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Few Synthetic Drugs Turned Into Police During Grace Period

The Indiana State Police had a grace period for retailers to turn in synthetic drugs, but only a few took advantage of the service.

cannabinoids

Photo: U.S. Government

The Indiana legislature passed a law banning synthetic drugs that are often sold as "bath salts" or '"stain remover."

Only a “handful” of synthetic drugs were turned in to Indiana State Police during the grace period. A new state law has made it illegal to sell or possess K2 or Spice and similar products, but police offered an opportunity last week for anyone to drop off these synthetic drugs at state police posts across the state without fear of prosecution.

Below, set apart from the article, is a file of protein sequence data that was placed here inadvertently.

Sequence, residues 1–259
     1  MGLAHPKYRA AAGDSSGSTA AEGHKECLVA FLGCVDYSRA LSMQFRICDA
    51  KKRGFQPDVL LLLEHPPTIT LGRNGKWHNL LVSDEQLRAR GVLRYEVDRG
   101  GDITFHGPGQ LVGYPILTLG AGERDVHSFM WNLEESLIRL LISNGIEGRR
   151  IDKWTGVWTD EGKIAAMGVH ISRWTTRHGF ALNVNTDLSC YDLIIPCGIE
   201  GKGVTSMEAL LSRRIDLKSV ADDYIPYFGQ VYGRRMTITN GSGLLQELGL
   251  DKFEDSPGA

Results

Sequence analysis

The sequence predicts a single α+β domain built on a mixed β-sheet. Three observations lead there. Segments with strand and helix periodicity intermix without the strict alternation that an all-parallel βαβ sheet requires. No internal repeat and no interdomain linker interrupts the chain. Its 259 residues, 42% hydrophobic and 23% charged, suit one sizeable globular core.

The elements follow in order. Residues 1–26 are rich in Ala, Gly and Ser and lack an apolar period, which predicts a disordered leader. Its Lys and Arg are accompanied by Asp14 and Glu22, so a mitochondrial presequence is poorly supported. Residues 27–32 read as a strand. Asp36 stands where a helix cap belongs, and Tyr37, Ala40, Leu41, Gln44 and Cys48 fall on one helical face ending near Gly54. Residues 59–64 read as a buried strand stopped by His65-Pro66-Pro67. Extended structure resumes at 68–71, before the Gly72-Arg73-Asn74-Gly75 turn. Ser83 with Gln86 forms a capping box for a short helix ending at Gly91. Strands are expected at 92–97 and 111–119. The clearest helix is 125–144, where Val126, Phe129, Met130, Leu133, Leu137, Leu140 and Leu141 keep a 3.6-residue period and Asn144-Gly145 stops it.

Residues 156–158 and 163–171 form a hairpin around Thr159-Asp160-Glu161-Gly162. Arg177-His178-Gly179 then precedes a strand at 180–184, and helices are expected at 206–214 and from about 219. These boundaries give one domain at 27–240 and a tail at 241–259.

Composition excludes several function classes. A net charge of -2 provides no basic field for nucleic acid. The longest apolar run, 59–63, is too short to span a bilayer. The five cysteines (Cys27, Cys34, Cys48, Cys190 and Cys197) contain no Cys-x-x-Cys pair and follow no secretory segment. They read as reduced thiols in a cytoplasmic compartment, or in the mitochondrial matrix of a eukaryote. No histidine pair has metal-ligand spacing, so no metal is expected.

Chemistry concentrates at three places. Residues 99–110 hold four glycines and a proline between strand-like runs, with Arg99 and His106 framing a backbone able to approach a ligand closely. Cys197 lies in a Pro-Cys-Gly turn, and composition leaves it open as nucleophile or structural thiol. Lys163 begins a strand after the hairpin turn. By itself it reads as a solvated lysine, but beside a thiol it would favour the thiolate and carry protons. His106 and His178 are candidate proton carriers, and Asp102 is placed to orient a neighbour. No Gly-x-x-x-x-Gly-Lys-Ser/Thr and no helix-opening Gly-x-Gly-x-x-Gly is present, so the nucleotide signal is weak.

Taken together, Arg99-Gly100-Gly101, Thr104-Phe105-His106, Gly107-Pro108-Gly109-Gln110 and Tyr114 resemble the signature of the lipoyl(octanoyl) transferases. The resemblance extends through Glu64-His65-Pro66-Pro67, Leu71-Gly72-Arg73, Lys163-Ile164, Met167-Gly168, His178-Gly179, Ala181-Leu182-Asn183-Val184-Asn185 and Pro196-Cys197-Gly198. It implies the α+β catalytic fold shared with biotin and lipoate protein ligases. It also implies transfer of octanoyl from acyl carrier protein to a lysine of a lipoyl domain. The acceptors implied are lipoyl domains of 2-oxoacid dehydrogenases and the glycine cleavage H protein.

Of the 14 state police posts, only 3 reported just a handful of any substances being turned in.

Indiana State Police Captain Dave Bursten says many retailers had probably already started selling down their stock of supplies while it was still legal. Bursten says it is now largely up to local police to target stores known for selling the substance.

If the State Police performed any undercover operations, he says they would neither confirm or deny it, but if they did conduct operations, they would buy the item and have it tested. If tests showed it was a banned substance, they would get a warrant then go back and arrest the clerk that sold the product.

“Beyond that we‘ll go after the retailer and start the process to revoke their retail license to sell and affect that puts them out of business and they lose their license for up to a year,” Bursten says.

Sgt. Curt Durnil in the ISP’s Bloomington office says if businesses are still trying to get rid of the product, he encourages them to call his office so the police can dispose of it.

“They are in possession of something that is illegal, but obviously if they want those to be destroyed in a proper way we don’t want anyone to just throw them away for flushing them down the toilet or anything like that,” he says.

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